But as long as the master is seen as merely a person/a self, this will not so easy lead to awaken neither, even that master is fully enlightened.

What is strange, not ok, we must not do, even the master is telling to do so. H H Dalai Lama said to tell about, to come out with it, in case of doubt. But he said as well many other things, like: “it is more useful to be aware of a single weakness in oneself than to be aware of a thousand weaknesses in someone else.” Since this is the tendency of samsara.

Whose fault is it? Who to blame? No who. “a Master “ guides beyond clinging, doesn’t cling him-herself, is an example of Compassionate Impartial Action because he/she is talking as Nature, not as a ‘person’ conditioned to worldly things or worldly views and acts based on such.
:meditate:

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Re: Scandals in the Buddhist world - what do they really mean?

Post by jorden » Thu Sep 28, 2017 6:06 pm

One thing I have noticed is that people don't really like to talk (religious) politics and money at the dharma centre, especially when they are just starting out. They came there to avoid thinking about such worldly issues. After an inspiring dharmatalk it is kind of a party killer to ask about something as banal as monestary assets.

So I think that asking those type of questions publicly would be a start: how financially transparent is this sangha? Does it publish financial reports every year (including donations from abroad)? What kind of financial or familial relations does the teacher have to other teachers/foundations/organizations?

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Re: Scandals in the Buddhist world - what do they really mean?

Post by Miroku » Thu Sep 28, 2017 6:50 pm

I think it should teach us as westerners to be bit patient and really try to examine the master. I know it is hard, because many masters are often only passing by for one or two days, but asking around and also taking look at the way the centers are organised can often say a lot.

This topic is really heavy. I am not sure if we as students should publicly criticize the master for his behaviour after taking initiations from him. But then again if people are getting hurt, what else to do to stop it? I don't think private audience with master would change anything. However if some fishy things are going on it is always better leave as soon as possible and maybe seek out some more qualified master and his guidance is probably the best.
A boat delivers you to the other riverbank.
A needle stitches up your clothes.
A horse takes you where you want to go.
Bodhicitta will bring you to Buddhahood.

~ Khunu Lama Rinpoche

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Re: Scandals in the Buddhist world - what do they really mean?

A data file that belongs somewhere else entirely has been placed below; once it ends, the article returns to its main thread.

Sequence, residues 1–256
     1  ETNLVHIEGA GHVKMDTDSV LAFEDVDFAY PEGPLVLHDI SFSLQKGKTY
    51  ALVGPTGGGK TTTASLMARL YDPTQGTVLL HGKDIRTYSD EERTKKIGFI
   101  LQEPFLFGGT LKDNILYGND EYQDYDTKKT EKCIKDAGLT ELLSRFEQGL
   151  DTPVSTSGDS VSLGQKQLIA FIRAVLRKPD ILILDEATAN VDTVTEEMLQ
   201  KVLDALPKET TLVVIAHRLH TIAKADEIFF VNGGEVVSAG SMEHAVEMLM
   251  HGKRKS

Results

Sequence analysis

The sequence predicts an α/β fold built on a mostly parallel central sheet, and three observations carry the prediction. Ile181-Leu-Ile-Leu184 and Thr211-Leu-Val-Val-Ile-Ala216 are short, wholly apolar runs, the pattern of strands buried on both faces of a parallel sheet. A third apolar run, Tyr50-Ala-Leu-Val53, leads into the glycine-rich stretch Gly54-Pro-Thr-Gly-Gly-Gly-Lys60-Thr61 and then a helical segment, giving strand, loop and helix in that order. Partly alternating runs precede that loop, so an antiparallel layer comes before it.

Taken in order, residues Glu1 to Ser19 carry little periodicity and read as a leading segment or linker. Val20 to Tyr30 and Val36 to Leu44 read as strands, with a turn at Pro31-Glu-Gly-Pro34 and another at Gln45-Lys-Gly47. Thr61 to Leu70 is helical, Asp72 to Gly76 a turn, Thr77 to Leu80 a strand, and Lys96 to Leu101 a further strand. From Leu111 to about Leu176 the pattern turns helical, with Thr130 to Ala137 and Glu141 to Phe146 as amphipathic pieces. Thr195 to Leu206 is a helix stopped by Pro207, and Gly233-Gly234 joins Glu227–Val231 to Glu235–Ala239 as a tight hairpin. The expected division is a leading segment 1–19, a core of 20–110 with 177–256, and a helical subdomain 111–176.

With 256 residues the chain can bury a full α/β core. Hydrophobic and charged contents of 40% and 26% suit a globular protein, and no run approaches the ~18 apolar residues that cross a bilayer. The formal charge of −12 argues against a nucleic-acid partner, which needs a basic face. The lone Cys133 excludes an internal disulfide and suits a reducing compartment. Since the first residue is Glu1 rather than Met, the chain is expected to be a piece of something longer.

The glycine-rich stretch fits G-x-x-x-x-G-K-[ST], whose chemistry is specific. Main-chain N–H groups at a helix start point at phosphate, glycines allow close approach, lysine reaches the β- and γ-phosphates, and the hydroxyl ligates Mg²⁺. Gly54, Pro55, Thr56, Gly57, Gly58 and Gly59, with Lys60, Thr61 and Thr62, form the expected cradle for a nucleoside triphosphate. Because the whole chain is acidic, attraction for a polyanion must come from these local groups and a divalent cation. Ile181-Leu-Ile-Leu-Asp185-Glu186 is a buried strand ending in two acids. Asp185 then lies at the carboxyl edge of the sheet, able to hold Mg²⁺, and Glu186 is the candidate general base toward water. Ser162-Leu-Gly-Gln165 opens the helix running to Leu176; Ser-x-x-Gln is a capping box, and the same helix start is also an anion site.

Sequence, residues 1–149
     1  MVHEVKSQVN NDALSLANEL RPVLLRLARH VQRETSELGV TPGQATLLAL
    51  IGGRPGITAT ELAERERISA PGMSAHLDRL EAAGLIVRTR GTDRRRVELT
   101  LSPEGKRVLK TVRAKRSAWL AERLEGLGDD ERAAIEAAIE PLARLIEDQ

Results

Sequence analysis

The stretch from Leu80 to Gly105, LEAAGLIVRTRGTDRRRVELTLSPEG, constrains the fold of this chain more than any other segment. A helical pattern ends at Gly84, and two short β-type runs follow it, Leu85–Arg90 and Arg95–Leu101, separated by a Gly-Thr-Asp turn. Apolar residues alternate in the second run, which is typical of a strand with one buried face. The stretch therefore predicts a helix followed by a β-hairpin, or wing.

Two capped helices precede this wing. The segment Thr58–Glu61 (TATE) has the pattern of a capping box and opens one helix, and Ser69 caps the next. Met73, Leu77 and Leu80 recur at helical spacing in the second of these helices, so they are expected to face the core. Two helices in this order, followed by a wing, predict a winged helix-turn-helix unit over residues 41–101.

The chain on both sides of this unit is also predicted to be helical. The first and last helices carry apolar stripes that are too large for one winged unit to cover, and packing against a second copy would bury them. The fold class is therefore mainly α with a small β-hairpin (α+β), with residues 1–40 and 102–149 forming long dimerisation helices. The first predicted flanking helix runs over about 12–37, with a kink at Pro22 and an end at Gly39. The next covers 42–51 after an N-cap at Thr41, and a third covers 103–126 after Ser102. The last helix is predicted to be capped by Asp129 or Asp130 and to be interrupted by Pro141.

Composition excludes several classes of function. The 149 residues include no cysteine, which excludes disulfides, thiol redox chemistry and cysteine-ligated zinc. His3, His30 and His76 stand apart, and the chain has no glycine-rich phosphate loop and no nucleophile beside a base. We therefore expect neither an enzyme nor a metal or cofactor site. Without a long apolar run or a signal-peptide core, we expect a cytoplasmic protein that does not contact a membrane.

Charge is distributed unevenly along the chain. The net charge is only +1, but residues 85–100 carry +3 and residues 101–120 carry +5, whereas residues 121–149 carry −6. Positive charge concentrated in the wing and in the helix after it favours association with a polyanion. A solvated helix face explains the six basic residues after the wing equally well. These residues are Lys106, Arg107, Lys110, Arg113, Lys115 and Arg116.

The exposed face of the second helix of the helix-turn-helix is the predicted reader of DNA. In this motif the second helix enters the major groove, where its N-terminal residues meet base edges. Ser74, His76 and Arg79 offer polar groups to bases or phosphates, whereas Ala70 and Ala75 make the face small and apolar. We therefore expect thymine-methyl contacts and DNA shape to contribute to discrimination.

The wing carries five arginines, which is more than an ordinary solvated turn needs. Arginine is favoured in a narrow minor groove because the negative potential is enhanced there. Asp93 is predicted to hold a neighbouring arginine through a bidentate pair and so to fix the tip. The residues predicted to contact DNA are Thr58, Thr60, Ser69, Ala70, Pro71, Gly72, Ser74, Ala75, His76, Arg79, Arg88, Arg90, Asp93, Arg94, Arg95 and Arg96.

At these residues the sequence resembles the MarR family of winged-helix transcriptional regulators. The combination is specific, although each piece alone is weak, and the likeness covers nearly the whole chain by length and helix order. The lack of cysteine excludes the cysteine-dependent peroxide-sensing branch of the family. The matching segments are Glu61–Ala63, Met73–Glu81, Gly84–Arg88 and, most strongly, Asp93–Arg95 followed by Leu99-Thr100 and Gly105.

Post by Thomas Amundsen » Thu Sep 28, 2017 7:42 pm

Dan74 wrote:
Thu Sep 28, 2017 2:28 pm
Rather than focusing on specific scandals, my intention for this thread is to explore what they mean for us as practitioners, and for the tradition they affect.
For me personally, it doesn't matter until it's one of my teachers. And if one of my teachers were involved in a scandal, I'd try to maintain pure perception. Honestly there have been small little dramas that some students have created about my teacher, but I just try to maintain pure perception.

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Re: Scandals in the Buddhist world - what do they really mean?

Post by jorden » Thu Sep 28, 2017 8:23 pm

tomamundsen wrote:
Thu Sep 28, 2017 7:42 pm
Dan74 wrote:
Thu Sep 28, 2017 2:28 pm
Rather than focusing on specific scandals, my intention for this thread is to explore what they mean for us as practitioners, and for the tradition they affect.
For me personally, it doesn't matter until it's one of my teachers. And if one of my teachers were involved in a scandal, I'd try to maintain pure perception. Honestly there have been small little dramas that some students have created about my teacher, but I just try to maintain pure perception.
You could begin by asking if your teacher in any way might have endorsed or enabled one of the more scandalous teachers in any way in the past. For instance, by referring students to him. This is how scandalous teachers maintain a PR-balance. On the one hand there are all the rumours and gossip, on the other hand there is the banner on the website saying how this holiness thinks so highly of this other holiness..

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Re: Scandals in the Buddhist world - what do they really mean?

Post by Thomas Amundsen » Thu Sep 28, 2017 8:35 pm

jorden wrote:
Thu Sep 28, 2017 8:23 pm
tomamundsen wrote:
Thu Sep 28, 2017 7:42 pm
Dan74 wrote: